Tag: Books

Robicheaux by James Lee Burke

Robicheaux by James Lee Burke

Robicheaux Book Cover Robicheaux
Dave Robicheaux
James Lee Burke
Fiction
Simon and Schuster
02-Jan-18
Kindle
464

During a murder investigation, Dave Robicheaux discovers he may have committed the homicide he's investigating, one which involved the death of the man who took the life of Dave's beloved wife. As he works to clear his name and make sense of the murder, Robicheaux encounters a cast of characters and a resurgence of dark social forces that threaten to destroy all of those whom he loves

There’s been 31 years of Dave Robichaux and The Simpsons? Time flies. The Simpsons wore out its welcome long ago (tonight’s episode was a perfect example of why). But Dave is back and as good as ever. Yes, there is some formulaic stuff here, in the basic plot outline and catchphrases. But the writing is as always lyrical and impressive.

Being somewhat formulaic can be a strength; each of the Dave books can stand alone. You don’t have to have read everything from 1987’s The Neon Rain. You’d be missing a lot of good writing and storytelling, but it’s not required. Burke explains Dave’s backstory pretty much each book. Just concentrate on one of the book’s stories and have fun. It’s absorbing, it sometimes makes you flinch, and it’s always about the bottom feeders and sharks of the dark underbelly of the American aquarium, and it always makes for fun reading.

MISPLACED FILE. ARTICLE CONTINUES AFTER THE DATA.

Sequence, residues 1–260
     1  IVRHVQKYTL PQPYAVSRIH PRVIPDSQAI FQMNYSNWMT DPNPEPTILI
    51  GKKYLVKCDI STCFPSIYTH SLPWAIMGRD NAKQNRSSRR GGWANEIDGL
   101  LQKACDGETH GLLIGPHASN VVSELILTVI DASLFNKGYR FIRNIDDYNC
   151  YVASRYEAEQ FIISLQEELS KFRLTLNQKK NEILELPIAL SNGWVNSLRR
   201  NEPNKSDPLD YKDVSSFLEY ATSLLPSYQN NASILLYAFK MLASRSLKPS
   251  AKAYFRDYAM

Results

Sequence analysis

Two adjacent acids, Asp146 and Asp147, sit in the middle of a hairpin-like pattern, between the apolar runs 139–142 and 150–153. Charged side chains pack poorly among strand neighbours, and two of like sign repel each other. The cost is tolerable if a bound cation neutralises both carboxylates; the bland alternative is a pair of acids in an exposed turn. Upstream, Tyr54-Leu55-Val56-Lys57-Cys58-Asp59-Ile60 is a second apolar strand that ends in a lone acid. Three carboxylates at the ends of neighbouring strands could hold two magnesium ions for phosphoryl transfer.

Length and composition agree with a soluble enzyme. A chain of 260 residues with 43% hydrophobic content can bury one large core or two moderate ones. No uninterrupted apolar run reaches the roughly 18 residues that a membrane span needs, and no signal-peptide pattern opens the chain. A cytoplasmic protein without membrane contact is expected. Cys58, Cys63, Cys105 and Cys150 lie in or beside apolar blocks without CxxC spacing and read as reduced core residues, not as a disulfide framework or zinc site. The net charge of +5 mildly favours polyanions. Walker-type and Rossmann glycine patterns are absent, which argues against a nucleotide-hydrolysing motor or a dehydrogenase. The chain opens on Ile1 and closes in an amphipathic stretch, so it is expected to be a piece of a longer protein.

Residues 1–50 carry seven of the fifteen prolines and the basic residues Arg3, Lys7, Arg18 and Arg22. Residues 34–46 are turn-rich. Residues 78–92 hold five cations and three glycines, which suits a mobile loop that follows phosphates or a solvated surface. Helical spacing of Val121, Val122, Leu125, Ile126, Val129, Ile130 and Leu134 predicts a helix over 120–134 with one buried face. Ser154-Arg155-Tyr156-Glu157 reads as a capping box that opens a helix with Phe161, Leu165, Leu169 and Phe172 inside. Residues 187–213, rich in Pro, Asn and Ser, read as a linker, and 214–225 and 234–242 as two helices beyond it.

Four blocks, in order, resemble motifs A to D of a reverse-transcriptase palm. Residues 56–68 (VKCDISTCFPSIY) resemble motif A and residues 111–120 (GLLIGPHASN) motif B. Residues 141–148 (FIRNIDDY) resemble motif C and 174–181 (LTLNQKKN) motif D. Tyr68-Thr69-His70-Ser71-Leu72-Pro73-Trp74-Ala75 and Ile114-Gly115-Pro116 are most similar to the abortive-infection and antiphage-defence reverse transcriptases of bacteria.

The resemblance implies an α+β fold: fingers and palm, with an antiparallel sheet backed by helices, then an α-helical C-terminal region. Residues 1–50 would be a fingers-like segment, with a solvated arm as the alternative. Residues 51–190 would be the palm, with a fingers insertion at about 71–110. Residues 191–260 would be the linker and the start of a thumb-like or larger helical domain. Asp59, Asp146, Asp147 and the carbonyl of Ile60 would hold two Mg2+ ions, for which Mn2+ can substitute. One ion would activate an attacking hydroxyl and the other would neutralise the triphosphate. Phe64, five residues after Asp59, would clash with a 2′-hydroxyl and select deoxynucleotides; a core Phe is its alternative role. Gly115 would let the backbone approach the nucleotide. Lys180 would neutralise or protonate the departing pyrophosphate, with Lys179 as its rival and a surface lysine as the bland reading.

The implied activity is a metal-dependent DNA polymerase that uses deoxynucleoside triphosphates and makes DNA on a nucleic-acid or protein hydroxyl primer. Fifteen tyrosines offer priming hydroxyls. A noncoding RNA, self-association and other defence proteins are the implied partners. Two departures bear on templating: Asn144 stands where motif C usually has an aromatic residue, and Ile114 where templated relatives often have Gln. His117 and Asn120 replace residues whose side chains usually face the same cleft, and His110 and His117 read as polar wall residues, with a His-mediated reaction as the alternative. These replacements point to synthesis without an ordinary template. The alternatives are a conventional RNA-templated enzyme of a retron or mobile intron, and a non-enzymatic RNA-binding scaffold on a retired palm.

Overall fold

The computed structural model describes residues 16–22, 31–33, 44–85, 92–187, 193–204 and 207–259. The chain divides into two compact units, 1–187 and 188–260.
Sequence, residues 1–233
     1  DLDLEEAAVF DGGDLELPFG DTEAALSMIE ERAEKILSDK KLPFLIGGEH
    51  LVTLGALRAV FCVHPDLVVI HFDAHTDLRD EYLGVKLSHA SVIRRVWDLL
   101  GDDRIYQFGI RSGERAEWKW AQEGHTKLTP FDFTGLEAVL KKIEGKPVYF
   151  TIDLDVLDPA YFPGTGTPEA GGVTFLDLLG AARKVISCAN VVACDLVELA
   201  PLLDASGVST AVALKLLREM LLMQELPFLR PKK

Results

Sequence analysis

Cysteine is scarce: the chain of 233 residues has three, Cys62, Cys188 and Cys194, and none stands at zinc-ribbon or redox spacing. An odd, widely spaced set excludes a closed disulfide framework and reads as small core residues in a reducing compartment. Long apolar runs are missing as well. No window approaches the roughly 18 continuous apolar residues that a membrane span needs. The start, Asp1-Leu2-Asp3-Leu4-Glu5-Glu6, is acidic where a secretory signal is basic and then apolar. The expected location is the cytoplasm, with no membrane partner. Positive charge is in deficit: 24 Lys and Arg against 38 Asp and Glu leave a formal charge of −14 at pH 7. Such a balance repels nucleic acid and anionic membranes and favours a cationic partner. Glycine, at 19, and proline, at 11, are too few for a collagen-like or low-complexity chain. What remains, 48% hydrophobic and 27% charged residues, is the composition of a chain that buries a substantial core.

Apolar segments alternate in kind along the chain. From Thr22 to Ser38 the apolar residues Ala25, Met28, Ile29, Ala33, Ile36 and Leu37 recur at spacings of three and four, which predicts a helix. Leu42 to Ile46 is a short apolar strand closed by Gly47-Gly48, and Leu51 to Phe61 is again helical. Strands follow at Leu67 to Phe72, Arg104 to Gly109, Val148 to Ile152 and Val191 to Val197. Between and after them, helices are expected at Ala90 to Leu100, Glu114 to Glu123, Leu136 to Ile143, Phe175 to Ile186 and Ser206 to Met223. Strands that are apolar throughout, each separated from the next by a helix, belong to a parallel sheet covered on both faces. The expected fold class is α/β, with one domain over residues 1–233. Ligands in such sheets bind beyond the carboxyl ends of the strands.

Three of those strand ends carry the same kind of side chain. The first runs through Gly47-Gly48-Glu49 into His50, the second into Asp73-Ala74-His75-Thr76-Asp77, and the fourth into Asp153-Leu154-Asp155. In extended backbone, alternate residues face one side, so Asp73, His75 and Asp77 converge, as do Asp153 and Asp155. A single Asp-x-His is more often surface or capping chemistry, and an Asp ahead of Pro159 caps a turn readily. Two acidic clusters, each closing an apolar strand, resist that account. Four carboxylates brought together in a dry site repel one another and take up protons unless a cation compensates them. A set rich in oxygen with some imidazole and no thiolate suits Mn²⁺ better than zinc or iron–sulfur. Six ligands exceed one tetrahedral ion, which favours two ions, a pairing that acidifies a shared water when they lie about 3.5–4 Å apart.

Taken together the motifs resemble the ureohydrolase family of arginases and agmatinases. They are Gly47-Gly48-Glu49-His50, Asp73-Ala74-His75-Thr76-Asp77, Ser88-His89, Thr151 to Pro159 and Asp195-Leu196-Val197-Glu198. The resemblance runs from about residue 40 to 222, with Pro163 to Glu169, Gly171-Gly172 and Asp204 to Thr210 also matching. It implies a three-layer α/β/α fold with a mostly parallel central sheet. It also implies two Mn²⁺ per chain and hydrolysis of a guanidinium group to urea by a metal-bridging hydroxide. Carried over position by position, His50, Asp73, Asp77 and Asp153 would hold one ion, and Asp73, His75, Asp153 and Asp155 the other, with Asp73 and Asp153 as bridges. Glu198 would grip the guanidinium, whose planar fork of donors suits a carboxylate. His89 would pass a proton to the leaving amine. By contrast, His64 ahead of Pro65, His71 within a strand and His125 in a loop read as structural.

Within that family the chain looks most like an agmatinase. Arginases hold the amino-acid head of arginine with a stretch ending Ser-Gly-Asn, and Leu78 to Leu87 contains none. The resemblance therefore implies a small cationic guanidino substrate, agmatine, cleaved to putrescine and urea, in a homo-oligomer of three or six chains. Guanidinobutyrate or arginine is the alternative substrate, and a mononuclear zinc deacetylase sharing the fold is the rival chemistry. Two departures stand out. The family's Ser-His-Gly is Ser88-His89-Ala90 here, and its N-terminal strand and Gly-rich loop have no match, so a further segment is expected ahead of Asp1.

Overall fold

Robicheaux is no different. (Although … that title. What’s up with that? Have they run out of ideas for them? The titles have always been rather genius … In the Electric Mist with Confederate Dead, The Tin Roof Blow Down, Jolie Blon’s Bounce, A Stained White Radiance, The Glass Rainbow.)

I’ve never really been able to get into his other series, but I’ve been a friend of Dave for over 20 years now. It’s good to see him again. And he comes back in January with The New Iberia Blues, which has Dave colliding with Hollywood. Should be great absorbing reading and fun as always.

Small flame on black background

Atomic Poetry

On 1-Jun-1945, six weeks after the death of Franklin Roosevelt, new U.S. President Harry Truman convened a meeting to update the status on and debate the use of the soon-to-be-born atomic bomb. But first, at the Pentagon, a group consisting of James Byrnes (soon to be Secretary of State), generals George C. Marshall and Leslie Groves, Robert Oppenheimer and Enrico Fermi, among others, convened to make a decision on how to advise the new president on the bomb.

Secretary of War Henry Stimson was also present … and well prepared:

“Stimson was now focused exclusively on the atomic bomb. He had become transfixed by its potential historical impact. He had prepared handwritten notes for these meetings, which curiously read like modernist poetry. The verse was a window into the secretary of war’s state of mind.”

His notes:

Its size and character
We don’t think it mere new weapon
Revolutionary Discovery of Relation of man to universe
Great History Landmark like
Gravitation
Copernican Theory
But, Bids fair infinitely greater, in respect to its
Effect
—on the ordinary affairs of man’s life.
May destroy or perfect International
Civilization
May[be] Frankenstein or means for World Peace

—Secretary of War Henry Stimson | 1-Jun-45
As quoted by A. J. Baime, The Accidental President. New York: Houghton Mifflin Harcourt, 2018.

The Accidental President is fascinating reading, while the jury is still out on Stimson’s poetic questions.

Photo by João Silas on Unsplash

History as Prophecy